0
$\begingroup$

The MPP is the maximum power point of a solar panel and a PV inverter will typically try to find this MPP to yield the maximum energy ouput. But sometimes it might be neccessary to operate the panel away from the MPP to reduce power output (because the grid operator needs to reduce feed-in or because the inverter can't handle that much power, or whatever). Starting from the MPP, the inverter can go two ways to reduce power:

  1. It can increase the current drawn from the panel to force a lower voltage output from the panel
  2. It can decrease the current drawn from the panel. Power will go down, because the voltage will not increase by the same factor. I assume this is the preferred implementation to reduce wear of the inverter.

So the power the inverter can feed to the grid reduces in both cases, but the solar irradition to the panel is not changing. Where is the excess energy going?

In case 1) it feels quite intuitive to say the higher current results in higher conduction losses in the panel and increases panel temperature. Is that correct?

In case 2) I'm a little lost. When we draw less current than the panel is capable of delivering with a given solar irradiation we probably have some surplus free charge carriers? Are they somehow reducing efficiency of the panel, so that less photons are converted to electric energy but just directly heat up the panel?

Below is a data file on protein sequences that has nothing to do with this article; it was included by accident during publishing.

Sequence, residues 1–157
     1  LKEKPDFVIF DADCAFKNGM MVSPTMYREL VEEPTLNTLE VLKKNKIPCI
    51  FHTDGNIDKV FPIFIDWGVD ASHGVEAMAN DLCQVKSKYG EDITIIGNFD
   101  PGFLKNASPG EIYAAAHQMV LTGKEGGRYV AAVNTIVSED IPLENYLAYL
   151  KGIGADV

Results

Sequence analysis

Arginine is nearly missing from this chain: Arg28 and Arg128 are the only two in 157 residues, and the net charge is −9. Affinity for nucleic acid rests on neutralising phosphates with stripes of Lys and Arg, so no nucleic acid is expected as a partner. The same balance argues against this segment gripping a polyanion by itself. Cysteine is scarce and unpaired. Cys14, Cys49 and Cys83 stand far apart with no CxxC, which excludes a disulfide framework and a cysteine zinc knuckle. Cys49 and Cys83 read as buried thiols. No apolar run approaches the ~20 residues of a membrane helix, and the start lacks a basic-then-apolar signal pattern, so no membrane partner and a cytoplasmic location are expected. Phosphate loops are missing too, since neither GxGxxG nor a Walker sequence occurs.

PS: There is already this question, but there is not really a good answer for my question.

$\endgroup$

1 Answer 1

2
$\begingroup$

The answer is easier if you only consider a single cell, and apart from some details the same answer holds for an entire string of cells and then for an entire panel that consists of several strings.

The extreme cases of the two modes that you describe are the open clamp and the short circuit conditions. Under short circuit conditions, the voltage across the cell is 0 and no power is dissipated in any load (hence short circuit!). Your interpretation is correct: the absorbed power gets dissipated in the internal resistance of the cell.

In the other extreme there is no net current flow. The voltage builds up and drives the electrons and holes over the depletion region of the pn junction. This means that they will meet and recombine. The power is dissipated as heat also in this mechanism.

These two mechanisms always happen in any power condition. In the case of the MPP, we have the optimum condition. where the sum of these two losses is minimum. Any voltage value in between these conditions only changes the balance between these loss mechanisms.

$\endgroup$

Your Answer

By clicking “Post Your Answer”, you agree to our terms of service and acknowledge you have read our privacy policy.